For the Maltese population it must have been both ominous and terrifying to realise that the much feared Turkish Armada was on the horizon. O Melita Infelix is Luca de Armenia’s opening phrase and it splendidly carries much more of the poignancy felt at that crucial moment than the vague formal title Ad Patriam.
I am grateful to all those who helped and encouraged me to publish this article. Thanks are due to Fr. John Azzopardi Curator of the Cathedral Museum, Mdina, for the transliteration of the poem into English, and advice; Mr. Lawrence Schiavone for his comment on the style of the poem and other suggestions; Mr. Dominic Cutajar, Curator of St. John’s Co-Cathedral Museum, Valletta, for his help and advice throughout, and Mr. Mario Buhagiar, Architect Mr. M. Ellul of the Antiquities Section and of the Palace Archives and Mr. J. Caruana, for their encouragement and help.
Transcription of the Poem
O melita infelix quingentis mille peractis
semper erat Christi lux tua sancta fides
Et fidei semper constans grata atque fidelis
et regibus cunctis principibusque tuis
Ut cesar magnus, Jove dante, valetta magister
te salvam a magna classe orientis habet.
Nunc furor ut ira est in te aut sententia celi
classe potens reditum sanguine et igne parat.
Heu patrianque fugimus solanque relinquimus urbem
dispersi veluti sors sua cuique datur
Mesta vale bis terque vale lacrimisque relicti (s)
et gemitu similis non erit illa vale.
Lucas de Armenia Patricius Melivetanus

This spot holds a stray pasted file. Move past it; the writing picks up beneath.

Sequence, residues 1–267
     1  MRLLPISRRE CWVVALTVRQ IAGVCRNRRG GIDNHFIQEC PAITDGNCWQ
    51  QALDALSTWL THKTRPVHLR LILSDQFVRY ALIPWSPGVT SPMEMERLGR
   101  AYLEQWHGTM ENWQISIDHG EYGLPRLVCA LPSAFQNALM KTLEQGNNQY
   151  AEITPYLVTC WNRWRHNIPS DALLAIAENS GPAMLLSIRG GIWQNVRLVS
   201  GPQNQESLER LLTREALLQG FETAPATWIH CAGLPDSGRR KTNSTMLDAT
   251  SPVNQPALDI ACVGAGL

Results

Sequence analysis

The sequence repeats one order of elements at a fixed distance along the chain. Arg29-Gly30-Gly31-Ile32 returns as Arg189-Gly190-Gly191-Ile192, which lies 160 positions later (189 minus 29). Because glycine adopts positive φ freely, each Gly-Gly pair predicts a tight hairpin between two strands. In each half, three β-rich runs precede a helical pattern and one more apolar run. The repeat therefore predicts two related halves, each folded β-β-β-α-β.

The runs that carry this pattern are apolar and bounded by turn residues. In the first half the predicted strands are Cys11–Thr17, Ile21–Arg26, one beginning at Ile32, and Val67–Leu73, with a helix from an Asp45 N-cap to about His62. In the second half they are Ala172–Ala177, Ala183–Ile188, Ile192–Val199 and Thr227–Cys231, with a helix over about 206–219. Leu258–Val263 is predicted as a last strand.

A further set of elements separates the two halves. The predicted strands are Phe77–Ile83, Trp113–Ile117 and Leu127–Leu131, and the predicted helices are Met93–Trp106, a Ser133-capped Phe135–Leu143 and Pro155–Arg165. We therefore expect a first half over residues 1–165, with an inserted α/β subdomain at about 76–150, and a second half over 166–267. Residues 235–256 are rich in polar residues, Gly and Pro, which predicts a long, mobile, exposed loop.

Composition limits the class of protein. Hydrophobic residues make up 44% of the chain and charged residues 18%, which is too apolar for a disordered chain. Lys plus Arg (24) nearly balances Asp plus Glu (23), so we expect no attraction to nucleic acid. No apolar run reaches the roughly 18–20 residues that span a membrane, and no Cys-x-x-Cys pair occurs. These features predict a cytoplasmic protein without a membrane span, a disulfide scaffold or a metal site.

A Literal Translation
O unhappy Malta, in the past fifteen centuries
Christ’s holy faith was always your light.
Always constant in faith, grateful and loyal
to all the kings and to your rulers.
Grand Master La Valette, like the great Caesar, heaven permitting,
has kept you safe from the great fleet of the Orient.
Now fury on anger or a heavenly sentence is against you,
He who commands a powerful fleet is preparing a return in blood and fire.
Alas we flee our native land, we leave the city by herself
dispersing each one according to one’s fate.
Sorrowful (city), farewell, farewell for a second and a third time,
we are left to our tears and grief, no other city will be like (you), farewell.
GENEALOGY OF THE DE ARMENIA FAMILY
based on G.F. Abela, Della Descrittione di Malta, pp. 454-456.
Pietro de Armenia
Mario ("era unico figlio")
(=? Giovanni Giacomo b.24-4-1541)
(both still living in the times of Abela)
 [P]alace [A]rchives [V]alletta, M.C.C. Ced., Supp. et Taxationes Vol. II 1565-66, unpaginated.
 From the research that was carried out, one could deduce that the De Armenia family resided at Mdina since, at least, the times of Luca’s grandfather Pietro. cf. G.F. Abela, ”Della Descrittione di Malta,” Malta, 1647, p. 455 and L’Arte Vol. IV No. 85 pp. 2-4, Malta 1866. Luca de Armenias name is to be found in the list of family households at Mdina in an undated document, [C]athedral [A]rchives [M]dina, A.C.M. Misc., 441, Vol. A, f. 118. We know that his household at this unknown date consisted of eight persons.